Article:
In this blog post, Angela D’souza,  a student pursuing her LL.B (4th year) from School of Law, Christ University, Bangalore and a Diploma in Entrepreneurship Administration and Business Laws from NUJS, Kolkata, discusses the process of Arbitration in matrimonial and family matters.


At its core, arbitration is a form of dispute resolution. It is a procedure in which a dispute is submitted, by agreement of the parties, to one or more arbitrators who make a binding decision on the dispute,[1] which is enforceable by the court. Arbitration primarily entails parties opting for a private, out-of-court settlement. The characteristics of an arbitration process are as follows:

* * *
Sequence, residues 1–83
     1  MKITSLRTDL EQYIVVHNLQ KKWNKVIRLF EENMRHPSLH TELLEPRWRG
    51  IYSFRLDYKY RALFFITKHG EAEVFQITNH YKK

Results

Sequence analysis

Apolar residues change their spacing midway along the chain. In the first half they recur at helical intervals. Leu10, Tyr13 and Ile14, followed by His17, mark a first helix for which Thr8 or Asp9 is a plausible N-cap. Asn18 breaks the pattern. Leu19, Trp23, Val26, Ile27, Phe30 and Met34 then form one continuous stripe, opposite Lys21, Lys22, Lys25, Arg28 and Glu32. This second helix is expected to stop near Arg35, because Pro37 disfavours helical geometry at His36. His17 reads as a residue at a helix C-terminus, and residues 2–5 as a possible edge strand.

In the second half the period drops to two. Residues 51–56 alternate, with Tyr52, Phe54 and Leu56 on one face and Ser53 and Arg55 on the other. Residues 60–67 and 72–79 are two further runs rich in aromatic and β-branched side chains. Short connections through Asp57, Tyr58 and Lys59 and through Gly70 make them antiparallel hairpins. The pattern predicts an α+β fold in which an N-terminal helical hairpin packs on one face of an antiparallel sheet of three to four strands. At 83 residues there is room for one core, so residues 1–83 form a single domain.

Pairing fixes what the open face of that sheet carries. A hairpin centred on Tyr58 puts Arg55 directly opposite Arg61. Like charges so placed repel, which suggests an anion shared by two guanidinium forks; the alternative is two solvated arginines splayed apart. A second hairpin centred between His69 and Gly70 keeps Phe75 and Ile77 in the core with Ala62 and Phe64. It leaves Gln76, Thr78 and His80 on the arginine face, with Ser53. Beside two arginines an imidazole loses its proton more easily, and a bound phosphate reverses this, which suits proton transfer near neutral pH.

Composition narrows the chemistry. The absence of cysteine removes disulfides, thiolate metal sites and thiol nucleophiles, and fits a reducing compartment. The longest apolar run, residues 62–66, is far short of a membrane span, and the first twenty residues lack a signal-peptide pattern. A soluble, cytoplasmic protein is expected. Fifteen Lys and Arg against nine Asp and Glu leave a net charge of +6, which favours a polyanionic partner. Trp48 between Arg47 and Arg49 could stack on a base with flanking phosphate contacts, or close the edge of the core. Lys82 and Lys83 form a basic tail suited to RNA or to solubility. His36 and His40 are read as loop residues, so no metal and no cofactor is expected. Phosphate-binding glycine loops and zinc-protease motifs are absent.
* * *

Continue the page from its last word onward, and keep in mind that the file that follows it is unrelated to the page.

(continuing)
1. Arbitration is consensual.

Arbitration can only happen if both parties concede to it. In most cases, consensus is obtained by way of insertion of an arbitration clause in the relevant contract.

  1. The parties choose the arbitrator.

Since parties can choose their own arbitrator through mutual consensus, it creates space for a fair hearing and impartiality.

  1. Parties choose other details of the arbitration proceedings.

Parties can choose other details of the arbitration proceedings such as the date, time, venue etc. This helps in the efficacy of arbitration proceedings by providing for the efficacy of the parties.

As a consequence, arbitration proffers several benefits including:

  • Choice of the arbitrator: An essential characteristic of an arbitration proceeding, the choice of an arbitrator by the parties, is a huge advantage. For example, parties can choose a technical person if the dispute is technical in nature, so as to ensure better understanding of evidence.